Is Writing Your Dream?
It can be a long, lonely slog, this writing caper. That’s why books like this anthology from Serenity Press are so valuable in keeping your mojo, and therefore your muse, happy.
Writing The Dream is out now:
No two writers are the same, but they have one thing in common: they are storytellers at heart and their deepest desire is to be heard.
Writing the Dream shares the stories of twenty-five Australian writers, from emerging to established authors. Some are traditionally published, while others have taken the self-publishing route. Some have faced rejection after rejection, while others have had a dream path. But, while their writing journeys are different, all of them strive to create, entertain, inspire and inform. And all of them have unique and creative voices that deserve to be heard.
It’s full of tips and tricks, the good the bad and the ugly on being a published author.
Each author has also included five tips for writers, along with their journey to publication.
Here’s a sneak peek:
My Five Tips for Writers:
Persevere: you know the one thing that all published books have in common? They were finished. Keep going (…as long as you are enjoying it.) Even on the days it sounds like crud, stick with it. You can always edit a bad page, but you can’t fix a blank one. (Except for those grey days when the muse calls in sick entirely, then I recommend buying stationary – file cards, Post-Its – knock yourself out).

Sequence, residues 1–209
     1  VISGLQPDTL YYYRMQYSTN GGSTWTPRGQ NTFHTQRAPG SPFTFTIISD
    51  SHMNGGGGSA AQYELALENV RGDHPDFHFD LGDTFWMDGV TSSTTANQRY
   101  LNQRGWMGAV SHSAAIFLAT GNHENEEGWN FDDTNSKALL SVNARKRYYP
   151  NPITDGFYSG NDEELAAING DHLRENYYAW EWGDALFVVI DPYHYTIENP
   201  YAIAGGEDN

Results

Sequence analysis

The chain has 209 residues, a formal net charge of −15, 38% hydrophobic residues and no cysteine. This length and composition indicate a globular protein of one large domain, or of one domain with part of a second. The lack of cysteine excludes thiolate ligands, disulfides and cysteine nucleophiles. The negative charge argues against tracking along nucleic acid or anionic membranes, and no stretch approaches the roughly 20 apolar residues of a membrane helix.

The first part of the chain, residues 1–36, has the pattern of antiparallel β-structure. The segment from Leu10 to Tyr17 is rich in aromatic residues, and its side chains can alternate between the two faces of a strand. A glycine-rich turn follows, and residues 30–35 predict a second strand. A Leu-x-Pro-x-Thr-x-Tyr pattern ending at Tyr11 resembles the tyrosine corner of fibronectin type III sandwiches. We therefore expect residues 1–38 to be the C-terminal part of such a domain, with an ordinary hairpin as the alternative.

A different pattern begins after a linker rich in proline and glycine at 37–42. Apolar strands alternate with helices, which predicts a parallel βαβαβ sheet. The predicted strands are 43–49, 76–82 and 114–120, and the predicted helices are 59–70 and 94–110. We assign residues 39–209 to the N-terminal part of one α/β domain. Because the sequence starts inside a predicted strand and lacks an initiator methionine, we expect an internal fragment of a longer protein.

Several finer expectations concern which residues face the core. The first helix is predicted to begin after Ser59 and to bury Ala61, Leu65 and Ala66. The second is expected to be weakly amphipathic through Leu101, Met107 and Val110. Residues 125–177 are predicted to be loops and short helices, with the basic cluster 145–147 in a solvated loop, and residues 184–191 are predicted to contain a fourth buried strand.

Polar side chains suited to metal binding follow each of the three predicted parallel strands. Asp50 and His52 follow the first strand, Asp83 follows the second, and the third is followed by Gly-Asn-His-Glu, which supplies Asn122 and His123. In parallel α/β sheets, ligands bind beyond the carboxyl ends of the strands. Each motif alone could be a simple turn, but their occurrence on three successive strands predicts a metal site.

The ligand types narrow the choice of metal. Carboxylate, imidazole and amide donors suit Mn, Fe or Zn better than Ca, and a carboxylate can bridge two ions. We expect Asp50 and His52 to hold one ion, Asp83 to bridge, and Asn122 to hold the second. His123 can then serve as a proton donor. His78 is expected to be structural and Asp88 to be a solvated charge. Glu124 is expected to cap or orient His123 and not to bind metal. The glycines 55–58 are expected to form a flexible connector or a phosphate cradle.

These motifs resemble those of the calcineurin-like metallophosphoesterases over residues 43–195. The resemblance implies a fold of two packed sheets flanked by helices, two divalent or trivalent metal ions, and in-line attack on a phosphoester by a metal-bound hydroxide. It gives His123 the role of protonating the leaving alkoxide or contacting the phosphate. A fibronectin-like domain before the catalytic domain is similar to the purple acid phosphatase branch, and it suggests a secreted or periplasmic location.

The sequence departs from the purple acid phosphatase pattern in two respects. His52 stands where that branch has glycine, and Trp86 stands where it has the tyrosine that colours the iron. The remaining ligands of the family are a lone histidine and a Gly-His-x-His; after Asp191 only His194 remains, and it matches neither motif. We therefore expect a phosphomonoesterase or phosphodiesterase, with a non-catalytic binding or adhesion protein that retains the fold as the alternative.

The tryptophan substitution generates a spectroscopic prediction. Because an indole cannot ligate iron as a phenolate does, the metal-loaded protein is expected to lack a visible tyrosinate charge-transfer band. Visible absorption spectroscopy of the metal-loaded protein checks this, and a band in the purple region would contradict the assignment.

- Find your pack: Writing is an isolating occupation. It’s true that I write by instinct, but when instinct fails, craft takes over. That’s when you need ‘handholds’: a cheer squad, hints and tips, writerly advice to keep you moving forward, and the best support comes from other writers. Publishing is an industry based on relationships: with bloggers, with editors, with readers, and between authors. It is the best use for Facebook I’ve found.
- Read: Read lots. Let real books be your bible. (Even the bad ones are useful, as you (a) notice (and feel clever) and (b) feel better about your own writing.)
- There is no one way to write: be wary of the person who tries to tell you to ‘plot’ when it the very idea makes you sweat, or ‘wing it’ when the very thought makes your eye twitch. Treat any advice like a smorgasbord. Taste it all. See if you like it, but at the end of the day, only eat the bits you like. There are no rules (except for these -these are gold J) It’s just what you have the skill to get away with. Masters’ of their craft can get away with murder if they do it right, and with purpose.
- Readers aren’t idiots: Leave a gap for the reader to fill – to join the dots, to place the last piece of the puzzle, to feel involved. Sometimes you have to pull back to make people lean in, so you don’t need to spell out everything (show not tell – but don’t do both).